So off I went to www.microsoft.com – Microsoft’s web site. Where I found nothing on the topic, but I did find a link to the security home page.

So off I went to the security home page. Where I found nothing that was obviously on the topic. Yes, there’s a lot of information there, including some information on viruses, infection attacks and an apparent rise in fake attacks (so I started wondering if MSNBC had been faked out?).

At no point in here did I realize that one of the articles on the security home page actually was the article I was looking for! It turns out that this particular vulnerability is through an ActiveX video component, a fact not mentioned in the MSNBC article. So while I saw information about such a thing on the Microsoft site, I had no way to link it to the vague mainstream press article that started this whole adventure…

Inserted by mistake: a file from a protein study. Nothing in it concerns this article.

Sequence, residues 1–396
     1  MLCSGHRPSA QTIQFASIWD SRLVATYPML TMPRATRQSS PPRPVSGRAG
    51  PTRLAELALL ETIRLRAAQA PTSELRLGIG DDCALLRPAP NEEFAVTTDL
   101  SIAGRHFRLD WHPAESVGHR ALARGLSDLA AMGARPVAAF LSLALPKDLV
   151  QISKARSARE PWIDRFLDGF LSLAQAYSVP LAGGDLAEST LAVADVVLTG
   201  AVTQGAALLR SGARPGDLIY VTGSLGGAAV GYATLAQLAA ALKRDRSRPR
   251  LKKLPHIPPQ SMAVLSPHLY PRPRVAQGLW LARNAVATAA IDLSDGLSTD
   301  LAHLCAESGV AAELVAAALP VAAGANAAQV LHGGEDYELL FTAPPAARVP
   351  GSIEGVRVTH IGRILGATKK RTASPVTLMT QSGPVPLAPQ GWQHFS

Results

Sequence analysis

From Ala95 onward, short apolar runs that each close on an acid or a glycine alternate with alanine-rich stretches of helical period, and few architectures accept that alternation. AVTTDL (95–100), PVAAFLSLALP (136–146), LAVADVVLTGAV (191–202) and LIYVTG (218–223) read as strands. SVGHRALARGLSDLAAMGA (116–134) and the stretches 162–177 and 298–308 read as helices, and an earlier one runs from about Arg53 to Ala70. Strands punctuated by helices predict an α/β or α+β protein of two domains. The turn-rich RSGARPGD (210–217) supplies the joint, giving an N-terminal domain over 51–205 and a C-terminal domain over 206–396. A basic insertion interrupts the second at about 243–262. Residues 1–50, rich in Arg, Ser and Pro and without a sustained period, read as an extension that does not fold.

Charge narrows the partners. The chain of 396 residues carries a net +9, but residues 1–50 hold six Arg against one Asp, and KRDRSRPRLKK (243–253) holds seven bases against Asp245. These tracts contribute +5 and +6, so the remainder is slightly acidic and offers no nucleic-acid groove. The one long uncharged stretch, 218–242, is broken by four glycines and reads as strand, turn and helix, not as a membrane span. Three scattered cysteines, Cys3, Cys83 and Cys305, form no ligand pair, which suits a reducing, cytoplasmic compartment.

Fortunately I know people :)

The vulnerability is an ActiveX video component issue. And the workaround is documented here:

http://support.microsoft.com/kb/972890

And now that I know I’m looking for information related to an ActiveX video component issue, it is clear that there are relevant bits of information on these sites too:

Microsoft Security Response Center blog:

http://blogs.technet.com/msrc/default.aspx

Microsoft TechNet Security alerts:

http://www.microsoft.com/technet/security/advisory/default.mspx

I still think the communication here is flawed. The mainstream press screwed up by providing insufficient and vague information, making it virtually impossible to find the correct documentation from Microsoft on the issue. But perhaps Microsoft was vague with the press too – hard to say.